In a judgment dated 1 October 2019, the European Court of Justice has ruled that the authorisation of cookies presupposes an active action on the part of the users. Default marked checkboxes are therefore not allowed. Furthermore, website administrators must also provide information about any recipients or categories of recipients (if relevant) and the lifespan of the cookies.
On the basis of the e-Privacy Directive of 12 July 2002, which has also been transposed into Belgian law, the general rule is that the placing of cookies requires the consent of users. However, some cookies are exempt from this requirement. Regardless of whether or not consent is required, website operators must also inform users about the placement of cookies.
In a recent judgment of 1 October 2019 (C-673/17, Planet49 GmbH), the Court of Justice ruled further on (i) the requirements for a legally valid authorisation of cookies and (ii) the information to be provided about cookies.
In this case, a German company had organised an advertising lottery on a website, allowing users to agree to cookies showing personalised advertisements based on surfing behaviour. This consent was requested via a checkbox that was selected by default and that users had to uncheck if they wanted to withhold their consent.
The Court of Justice ruled that permission for cookies cannot be obtained legally by a default ticked box. This consent must meet the same requirements as under data protection legislation, which means, among other things, that it must be an active action. A pre-ticked checkbox does not meet this requirement.
According to the Court of Justice, the above applies all the more so under the General Data Protection Regulation (“GDPR”). After all, the GDPR expressly prescribes that consent must be active. This is not the only requirement for a legally valid consent, as the consent must be not only unambiguous (and therefore active), but also free, specific and informed.
The Court of Justice has further specified that for the validity of the consent for cookies, it does not matter whether or not the information stored contains personal data. Even if this is not the case, the authorisation of cookies requires an active action. The purpose of the consent requirement is to protect users from all possible interference with their private lives, whether or not that interference relates to personal data.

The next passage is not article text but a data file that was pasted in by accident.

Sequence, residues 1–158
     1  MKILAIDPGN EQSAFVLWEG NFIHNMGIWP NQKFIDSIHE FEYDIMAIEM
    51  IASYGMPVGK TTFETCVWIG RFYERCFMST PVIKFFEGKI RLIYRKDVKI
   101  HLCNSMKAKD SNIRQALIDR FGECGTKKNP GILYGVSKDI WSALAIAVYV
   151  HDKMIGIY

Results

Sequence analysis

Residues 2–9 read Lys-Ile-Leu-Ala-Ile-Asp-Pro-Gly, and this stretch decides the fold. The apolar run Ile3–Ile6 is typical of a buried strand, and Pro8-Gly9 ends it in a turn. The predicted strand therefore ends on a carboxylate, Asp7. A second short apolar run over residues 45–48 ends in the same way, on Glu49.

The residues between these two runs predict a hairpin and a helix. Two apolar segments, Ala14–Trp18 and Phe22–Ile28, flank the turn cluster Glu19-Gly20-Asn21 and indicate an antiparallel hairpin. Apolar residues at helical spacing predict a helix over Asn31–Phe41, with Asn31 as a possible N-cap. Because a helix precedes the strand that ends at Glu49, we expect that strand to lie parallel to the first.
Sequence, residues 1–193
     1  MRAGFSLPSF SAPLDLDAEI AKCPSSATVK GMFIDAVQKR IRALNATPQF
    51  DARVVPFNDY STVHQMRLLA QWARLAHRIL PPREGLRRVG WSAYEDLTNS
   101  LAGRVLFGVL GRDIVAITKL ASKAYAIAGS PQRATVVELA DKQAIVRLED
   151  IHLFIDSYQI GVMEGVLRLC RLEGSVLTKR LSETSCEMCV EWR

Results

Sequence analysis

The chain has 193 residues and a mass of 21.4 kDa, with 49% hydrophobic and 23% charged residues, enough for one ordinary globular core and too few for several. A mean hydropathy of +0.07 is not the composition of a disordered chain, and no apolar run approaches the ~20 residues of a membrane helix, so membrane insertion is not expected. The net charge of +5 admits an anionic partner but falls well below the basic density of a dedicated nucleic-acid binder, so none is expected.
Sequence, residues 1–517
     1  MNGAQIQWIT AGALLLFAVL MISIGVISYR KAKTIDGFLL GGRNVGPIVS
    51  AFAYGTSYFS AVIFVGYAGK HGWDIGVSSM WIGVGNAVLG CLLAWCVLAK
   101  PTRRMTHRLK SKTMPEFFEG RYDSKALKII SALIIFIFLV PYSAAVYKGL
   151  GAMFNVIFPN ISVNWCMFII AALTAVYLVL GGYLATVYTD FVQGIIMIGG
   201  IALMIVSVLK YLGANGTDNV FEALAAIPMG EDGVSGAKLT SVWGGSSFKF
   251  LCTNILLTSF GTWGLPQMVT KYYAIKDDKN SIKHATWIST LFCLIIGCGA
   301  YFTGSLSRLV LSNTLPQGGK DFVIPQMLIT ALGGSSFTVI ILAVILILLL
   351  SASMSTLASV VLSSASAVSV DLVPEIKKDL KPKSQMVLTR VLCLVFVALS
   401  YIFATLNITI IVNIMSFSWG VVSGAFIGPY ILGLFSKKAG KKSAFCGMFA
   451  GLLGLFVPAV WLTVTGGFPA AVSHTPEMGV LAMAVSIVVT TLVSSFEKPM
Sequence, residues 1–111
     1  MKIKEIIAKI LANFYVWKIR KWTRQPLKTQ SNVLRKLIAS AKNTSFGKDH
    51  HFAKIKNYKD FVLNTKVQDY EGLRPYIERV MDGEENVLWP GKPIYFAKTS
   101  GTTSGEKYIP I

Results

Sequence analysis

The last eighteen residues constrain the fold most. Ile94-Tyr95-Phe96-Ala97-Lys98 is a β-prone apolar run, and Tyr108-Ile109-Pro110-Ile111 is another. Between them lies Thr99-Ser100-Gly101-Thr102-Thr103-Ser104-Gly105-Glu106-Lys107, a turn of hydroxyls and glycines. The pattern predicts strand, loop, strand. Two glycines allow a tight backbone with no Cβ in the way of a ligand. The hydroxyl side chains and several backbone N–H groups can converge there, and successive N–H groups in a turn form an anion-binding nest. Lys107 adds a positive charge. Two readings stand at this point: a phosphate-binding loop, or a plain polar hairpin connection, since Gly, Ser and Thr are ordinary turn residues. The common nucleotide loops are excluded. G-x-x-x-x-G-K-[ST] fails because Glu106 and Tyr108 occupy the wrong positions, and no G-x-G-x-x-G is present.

According to the Court of Justice, the information provided must allow users to know the exact consequences of their consent. This means that users must be informed not only about, for example, the identity of the controller and the purposes of the cookies, but also about:
- the recipients or categories of recipients of the data, if this is necessary to ensure fair processing towards the users;
- the length of time cookies have been active, given that a long or even unlimited period of time can result in a large amount of information being collected about the surfing behaviour of users.
At European level, an e-Privacy Regulation is currently under preparation, which will replace the current e-Privacy Directive and may amend the existing legal framework on cookies in future. We will certainly follow this up for you.
Check which cookies you use on your website and whether you have received GDPR-compliant permission to do so (if required). Also check whether you provide sufficiently accurate information about the cookies (e.g. in a cookie notice), including information about any recipients or categories of recipients and the lifespan of the cookies.
Our Data Protection Team can, of course, assist you in this respect.